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Your court-appointed attorney tried to blame you for our 9 month long separation. I just thought you should know that he wasn’t really on your team. He was faking. He asked me if you had my phone number or my address written down somewhere. It reminded me of the advocates who claim that they will help you if you just call them.

Yeah, Amanda. Why didn’t you do your research?

The one good thing is, we know the Carnival of Narcissus wants to be taken seriously. It doesn’t want to look bad. If the Arizona court accepts your case, you will be under the jurisdiction of the Falk Bill, which means your guardian will have to prove my insanity to the court in order to prevent you from calling me.

In theory, of course. Because they have not been preventing you from calling me all along. Ever! Because even though I have been blocked from all cell phone contact, they have this land line that I could have searched on the white pages and found the number. And maybe you just didn’t feel like calling me for nine months.

Silly me.

And the judge has reviewed the court documents and tells me he understands that you are a “lively individual”, and this somehow negates the need for him to have an actual, in-person, private conversation with you.

And they say I am blogging about you too much. Private issues should be kept private.

So you and I talk on the land line and the guardian is hovering around in the background hanging on your every word and correcting things you say to me. Don’t you just want to hit him with the phone? Like that scene in High Fidelity when John Cusack loses his shit on Tim Robbins and his friend hits him with the phone and his teeth go flying across the room.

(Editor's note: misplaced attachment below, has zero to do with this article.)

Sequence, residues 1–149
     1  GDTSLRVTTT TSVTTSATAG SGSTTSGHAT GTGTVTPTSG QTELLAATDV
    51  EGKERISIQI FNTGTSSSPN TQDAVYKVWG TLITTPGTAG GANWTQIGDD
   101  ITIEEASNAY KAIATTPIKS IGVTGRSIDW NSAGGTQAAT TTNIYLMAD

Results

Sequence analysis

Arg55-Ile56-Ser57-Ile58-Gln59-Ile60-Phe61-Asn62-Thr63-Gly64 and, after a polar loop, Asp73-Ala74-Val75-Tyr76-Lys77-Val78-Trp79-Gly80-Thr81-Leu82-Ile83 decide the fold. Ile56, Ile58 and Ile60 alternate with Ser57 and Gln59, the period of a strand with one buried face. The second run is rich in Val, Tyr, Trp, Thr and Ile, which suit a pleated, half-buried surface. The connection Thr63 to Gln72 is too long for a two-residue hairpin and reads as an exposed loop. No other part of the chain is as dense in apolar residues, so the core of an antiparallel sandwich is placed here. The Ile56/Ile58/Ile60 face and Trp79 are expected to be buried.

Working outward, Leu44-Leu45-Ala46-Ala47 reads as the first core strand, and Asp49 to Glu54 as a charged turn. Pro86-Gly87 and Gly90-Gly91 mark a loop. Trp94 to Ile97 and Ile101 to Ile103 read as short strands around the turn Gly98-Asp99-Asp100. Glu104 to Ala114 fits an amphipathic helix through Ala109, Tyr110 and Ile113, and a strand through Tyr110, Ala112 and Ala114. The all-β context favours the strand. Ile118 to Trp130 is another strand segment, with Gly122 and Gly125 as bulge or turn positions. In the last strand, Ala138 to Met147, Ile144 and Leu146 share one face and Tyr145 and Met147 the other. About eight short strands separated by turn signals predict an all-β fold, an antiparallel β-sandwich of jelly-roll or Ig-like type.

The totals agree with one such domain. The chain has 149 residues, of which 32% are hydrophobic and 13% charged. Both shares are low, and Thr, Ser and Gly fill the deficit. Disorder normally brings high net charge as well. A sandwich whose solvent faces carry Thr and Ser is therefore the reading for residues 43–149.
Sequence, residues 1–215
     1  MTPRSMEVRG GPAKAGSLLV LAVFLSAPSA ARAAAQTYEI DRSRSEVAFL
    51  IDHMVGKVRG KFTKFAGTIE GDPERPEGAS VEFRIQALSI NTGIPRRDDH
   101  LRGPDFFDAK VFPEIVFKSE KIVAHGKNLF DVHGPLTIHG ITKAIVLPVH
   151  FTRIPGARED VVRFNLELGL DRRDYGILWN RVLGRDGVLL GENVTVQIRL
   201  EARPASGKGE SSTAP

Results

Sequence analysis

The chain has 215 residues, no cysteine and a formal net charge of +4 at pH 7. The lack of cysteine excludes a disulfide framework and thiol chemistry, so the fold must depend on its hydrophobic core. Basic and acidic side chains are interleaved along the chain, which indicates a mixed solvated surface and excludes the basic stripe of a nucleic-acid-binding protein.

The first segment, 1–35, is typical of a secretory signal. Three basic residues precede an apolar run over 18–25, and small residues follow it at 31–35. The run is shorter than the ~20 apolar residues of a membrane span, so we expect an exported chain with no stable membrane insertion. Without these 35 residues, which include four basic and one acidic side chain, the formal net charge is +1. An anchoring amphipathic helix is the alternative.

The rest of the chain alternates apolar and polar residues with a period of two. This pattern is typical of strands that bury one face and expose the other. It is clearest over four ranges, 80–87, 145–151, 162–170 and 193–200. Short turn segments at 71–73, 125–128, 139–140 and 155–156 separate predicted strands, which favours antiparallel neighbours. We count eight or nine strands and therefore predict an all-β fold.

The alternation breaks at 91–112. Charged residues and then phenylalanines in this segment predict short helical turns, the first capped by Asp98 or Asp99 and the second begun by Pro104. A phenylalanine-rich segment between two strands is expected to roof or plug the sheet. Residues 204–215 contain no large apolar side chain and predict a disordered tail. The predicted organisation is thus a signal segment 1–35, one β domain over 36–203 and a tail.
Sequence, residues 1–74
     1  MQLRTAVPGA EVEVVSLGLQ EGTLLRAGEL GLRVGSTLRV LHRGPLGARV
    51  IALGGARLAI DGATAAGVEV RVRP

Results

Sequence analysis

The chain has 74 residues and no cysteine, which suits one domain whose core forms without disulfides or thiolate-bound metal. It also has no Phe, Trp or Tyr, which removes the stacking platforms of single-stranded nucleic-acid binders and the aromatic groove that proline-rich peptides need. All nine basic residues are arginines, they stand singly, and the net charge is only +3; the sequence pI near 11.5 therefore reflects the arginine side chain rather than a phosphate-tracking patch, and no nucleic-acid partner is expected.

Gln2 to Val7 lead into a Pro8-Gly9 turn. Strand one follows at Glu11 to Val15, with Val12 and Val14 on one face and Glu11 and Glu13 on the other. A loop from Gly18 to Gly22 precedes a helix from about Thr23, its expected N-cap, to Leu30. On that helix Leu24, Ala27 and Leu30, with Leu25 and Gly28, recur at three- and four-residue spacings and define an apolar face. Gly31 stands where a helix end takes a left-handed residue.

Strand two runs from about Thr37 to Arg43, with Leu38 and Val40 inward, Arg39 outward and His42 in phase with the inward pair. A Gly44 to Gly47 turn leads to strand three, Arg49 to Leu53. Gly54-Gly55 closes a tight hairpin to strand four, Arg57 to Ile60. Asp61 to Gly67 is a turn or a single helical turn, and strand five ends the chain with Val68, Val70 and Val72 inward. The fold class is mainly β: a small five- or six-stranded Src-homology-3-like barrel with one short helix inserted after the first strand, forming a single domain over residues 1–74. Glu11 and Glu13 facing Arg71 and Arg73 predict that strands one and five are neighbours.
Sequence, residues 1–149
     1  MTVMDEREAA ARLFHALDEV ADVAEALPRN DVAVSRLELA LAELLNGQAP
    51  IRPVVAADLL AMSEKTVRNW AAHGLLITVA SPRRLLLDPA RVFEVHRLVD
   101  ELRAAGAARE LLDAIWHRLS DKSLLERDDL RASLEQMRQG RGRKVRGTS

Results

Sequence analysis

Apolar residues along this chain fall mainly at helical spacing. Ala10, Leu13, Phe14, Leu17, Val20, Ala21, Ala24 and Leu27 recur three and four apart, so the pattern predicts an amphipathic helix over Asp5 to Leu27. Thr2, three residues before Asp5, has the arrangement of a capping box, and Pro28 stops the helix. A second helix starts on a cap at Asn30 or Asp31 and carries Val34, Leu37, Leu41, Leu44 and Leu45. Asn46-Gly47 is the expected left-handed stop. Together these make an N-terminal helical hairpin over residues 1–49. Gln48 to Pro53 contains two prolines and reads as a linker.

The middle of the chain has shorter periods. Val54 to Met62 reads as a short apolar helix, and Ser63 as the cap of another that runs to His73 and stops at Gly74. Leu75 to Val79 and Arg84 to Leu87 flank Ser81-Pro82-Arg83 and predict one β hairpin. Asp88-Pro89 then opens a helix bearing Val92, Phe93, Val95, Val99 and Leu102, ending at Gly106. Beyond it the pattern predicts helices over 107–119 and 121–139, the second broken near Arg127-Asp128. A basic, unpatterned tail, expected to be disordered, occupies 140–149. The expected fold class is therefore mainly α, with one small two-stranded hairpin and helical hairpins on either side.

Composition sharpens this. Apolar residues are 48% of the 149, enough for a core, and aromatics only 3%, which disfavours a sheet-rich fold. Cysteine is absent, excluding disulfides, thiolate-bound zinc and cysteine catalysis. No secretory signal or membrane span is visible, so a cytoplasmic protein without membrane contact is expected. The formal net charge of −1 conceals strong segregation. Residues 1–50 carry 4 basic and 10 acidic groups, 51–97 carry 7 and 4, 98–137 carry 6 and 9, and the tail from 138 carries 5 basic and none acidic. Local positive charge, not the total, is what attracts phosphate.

It’s a fantasy, of course.

It’s like a Close Talker or having someone brushing against you, bumbling through the invisible wall of Personal Space.

I can feel you rolling your eyes. But I like the eye roll a lot better than the voice tremor.

I don’t know how you put up with it, Amanda. But I am truly grateful that you get to escape three days a week, and go hang out at Adult Day Care where people are sane.

Love,

Your Blood Sister Nancy

Here’s the thing. And here’s a Bible verse for you.

“Finally, brothers, whatever is true, whatever is honorable, whatever is just, whatever is pure, whatever is lovely, whatever is commendable, if there is any excellence, if there is anything worthy of praise, think about these things.”